Going to a rehab for your Zoloft addiction can provide you with the assistance and support you're looking for.
Zoloft is a prescription medication that is often given to patients for long-term use for the purpose of treating anxiety or depression, as well as similar psychological problems. The generic name for Zoloft is sertraline, but it is also sold under brand name Lustral.
It's not a drug that is generally linked with addiction, and so, people continue to take it for years to help with their various conditions. However, it is possible to form an addiction to Zoloft, and when that occurs, it can be nearly impossible to convince people that they need to get help. More of than not, family members can see the decline of the individual before he or she sees it.
Here at NorthPoint Recovery, we'd like to share a story with you regarding one woman's experience with Zoloft as told by someone in her family. She had clearly formed an addiction to this prescription drug, but getting help for a Zoloft addiction was never something she imagined she would need. After all, there were no warnings on the bottle to indicate that she needed to be concerned about an addiction, so why should she need Zoloft treatment?
In cases like hers, it can be so difficult for the family to get through their loved one. This is information that will be very helpful to you if you are someone who has a family member with a Zoloft addiction in Oregon.
I can still remember when I realized that my sister had become addicted to Zoloft.
She had been going through a really rough time. She was young, and she had two small children at home. Neither of them were in school yet, and so, her days will filled with taking care of their needs. Her husband had recently left her for another woman, which left her feeling alone and desperate for a change.
It wasn't surprising when she started to exhibit signs of anxiety and depression, and I think the rest of us in the family noticed that she wasn't doing well long before she did. I advised her to make an appointment with a doctor, which she did. At that appointment, she received a prescription for Zoloft.
At first, things seemed to be quite a bit better. In fact, she almost acted like a "Supermom" of sorts. She started paying more attention to her kids, she wasn't overwhelmed anymore, and she even started laughing again. However, the break in her symptoms was only short-lived.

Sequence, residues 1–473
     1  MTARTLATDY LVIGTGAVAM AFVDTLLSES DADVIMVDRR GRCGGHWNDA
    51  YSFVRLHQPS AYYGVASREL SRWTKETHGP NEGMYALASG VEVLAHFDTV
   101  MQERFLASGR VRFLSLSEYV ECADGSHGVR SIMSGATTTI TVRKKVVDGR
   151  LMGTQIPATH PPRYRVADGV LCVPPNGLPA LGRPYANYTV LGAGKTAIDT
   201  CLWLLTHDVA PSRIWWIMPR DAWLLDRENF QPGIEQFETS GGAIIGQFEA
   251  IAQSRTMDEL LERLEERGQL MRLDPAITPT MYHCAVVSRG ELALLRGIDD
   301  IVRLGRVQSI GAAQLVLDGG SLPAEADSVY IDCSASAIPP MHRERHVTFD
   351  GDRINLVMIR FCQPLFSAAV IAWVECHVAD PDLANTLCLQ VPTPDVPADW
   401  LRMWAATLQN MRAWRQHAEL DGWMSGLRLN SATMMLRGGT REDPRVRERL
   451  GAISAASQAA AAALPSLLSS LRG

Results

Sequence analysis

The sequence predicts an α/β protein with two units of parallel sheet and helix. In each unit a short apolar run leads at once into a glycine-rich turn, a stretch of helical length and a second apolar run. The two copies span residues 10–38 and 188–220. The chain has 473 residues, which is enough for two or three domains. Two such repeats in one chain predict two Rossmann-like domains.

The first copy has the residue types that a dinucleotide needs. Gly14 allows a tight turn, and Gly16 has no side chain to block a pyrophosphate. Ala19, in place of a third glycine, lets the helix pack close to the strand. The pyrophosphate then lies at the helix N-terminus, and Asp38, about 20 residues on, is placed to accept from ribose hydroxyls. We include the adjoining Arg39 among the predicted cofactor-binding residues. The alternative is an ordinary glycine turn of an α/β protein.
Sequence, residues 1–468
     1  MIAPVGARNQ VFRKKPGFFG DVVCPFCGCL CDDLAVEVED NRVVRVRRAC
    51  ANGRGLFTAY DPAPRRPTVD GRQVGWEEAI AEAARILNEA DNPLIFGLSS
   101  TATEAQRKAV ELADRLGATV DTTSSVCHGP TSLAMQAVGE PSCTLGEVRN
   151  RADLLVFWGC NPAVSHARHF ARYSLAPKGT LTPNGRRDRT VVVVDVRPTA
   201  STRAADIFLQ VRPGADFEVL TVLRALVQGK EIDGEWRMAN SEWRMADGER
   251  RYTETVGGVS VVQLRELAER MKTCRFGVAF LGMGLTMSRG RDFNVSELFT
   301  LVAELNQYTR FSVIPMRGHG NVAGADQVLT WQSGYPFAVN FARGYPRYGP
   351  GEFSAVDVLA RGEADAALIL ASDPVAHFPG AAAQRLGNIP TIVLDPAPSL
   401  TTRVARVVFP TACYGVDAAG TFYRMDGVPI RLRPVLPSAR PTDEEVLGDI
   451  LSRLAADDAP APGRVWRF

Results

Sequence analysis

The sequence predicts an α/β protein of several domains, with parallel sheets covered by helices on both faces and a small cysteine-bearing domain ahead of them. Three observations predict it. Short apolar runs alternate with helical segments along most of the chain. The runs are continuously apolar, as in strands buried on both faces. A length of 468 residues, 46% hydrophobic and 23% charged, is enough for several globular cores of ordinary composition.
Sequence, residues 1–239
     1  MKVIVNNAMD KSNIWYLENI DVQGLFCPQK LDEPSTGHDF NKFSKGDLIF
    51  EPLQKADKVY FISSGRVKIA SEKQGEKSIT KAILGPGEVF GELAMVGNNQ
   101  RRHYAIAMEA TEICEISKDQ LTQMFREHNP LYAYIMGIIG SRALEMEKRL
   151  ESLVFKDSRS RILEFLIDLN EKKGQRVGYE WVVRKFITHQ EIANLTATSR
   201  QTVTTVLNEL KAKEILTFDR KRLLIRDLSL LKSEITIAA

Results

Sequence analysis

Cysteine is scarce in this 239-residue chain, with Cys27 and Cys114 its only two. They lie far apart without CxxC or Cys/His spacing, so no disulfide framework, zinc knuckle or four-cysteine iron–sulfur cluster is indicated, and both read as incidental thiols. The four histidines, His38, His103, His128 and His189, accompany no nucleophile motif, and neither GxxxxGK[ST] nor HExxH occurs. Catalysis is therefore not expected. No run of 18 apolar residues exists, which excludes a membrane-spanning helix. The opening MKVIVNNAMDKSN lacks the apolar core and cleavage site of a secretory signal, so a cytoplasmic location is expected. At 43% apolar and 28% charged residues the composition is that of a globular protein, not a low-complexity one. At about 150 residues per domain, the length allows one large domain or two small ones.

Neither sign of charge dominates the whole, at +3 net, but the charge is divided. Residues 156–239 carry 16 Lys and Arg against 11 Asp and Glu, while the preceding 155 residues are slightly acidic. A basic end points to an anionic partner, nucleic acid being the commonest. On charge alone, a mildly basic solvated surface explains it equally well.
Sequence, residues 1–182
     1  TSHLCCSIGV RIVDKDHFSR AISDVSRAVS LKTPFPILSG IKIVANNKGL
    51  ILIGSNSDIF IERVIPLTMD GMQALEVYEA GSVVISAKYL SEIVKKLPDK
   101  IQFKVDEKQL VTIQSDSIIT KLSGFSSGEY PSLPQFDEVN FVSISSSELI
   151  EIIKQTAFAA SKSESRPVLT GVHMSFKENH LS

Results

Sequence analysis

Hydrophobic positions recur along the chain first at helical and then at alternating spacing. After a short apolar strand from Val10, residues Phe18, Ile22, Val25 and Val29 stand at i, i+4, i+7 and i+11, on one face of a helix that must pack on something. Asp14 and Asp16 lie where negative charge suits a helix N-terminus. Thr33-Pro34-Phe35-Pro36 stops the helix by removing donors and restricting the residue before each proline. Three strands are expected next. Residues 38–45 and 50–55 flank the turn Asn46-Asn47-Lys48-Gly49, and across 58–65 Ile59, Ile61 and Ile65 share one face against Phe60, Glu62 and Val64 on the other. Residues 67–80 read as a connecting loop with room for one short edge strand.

Little by little, different symptoms started to break through. I can remember seeing her snap at her kids, and her temper seemed to be incredibly short with them. She started having anxiety and panic attacks, which were new. I had never seen that in her before. She complained of not being able to sleep at night, and she would call me in the middle of the night saying that she was sure someone was either watching the house, or had broken into the house. I don't even know how many times she called the police and asked them to come and check.
I started to do some research because I just didn't understand. What was happening to my sister? It was then that I realized that she had most likely formed an addiction to Zoloft.
I thought long and hard about how to talk with my sister about being addicted to Zoloft. I was sure that she was going to argue with me because her doctor didn't mention anything to her about addiction being a possibility with this drug. I was sure that she would never agree to go a facility for Zoloft treatment, but I had to try. If anyone had a chance of getting through to her, it would be me.
I sat her down and told her that I had been noticing these strange behaviors, and I also told her about the research I had done and that they pointed to a possible Zoloft addiction. As I suspected, she didn't believe me. I even showed her the research and she waved it off, claiming that if the medicine was dangerous, her doctor would have never given it to her. When I mentioned going to a Zoloft rehab for help, she got really quiet, and she asked me to leave her house before she upset her kids.
The behaviors continued to get worse, just as I suspected. I remember once she told me that she had increased how much Zoloft she was taking on her own, but she assured me that she was going to be seeing her doctor soon, and she'd let him know what she had done. I had a feeling that she lied to me about that.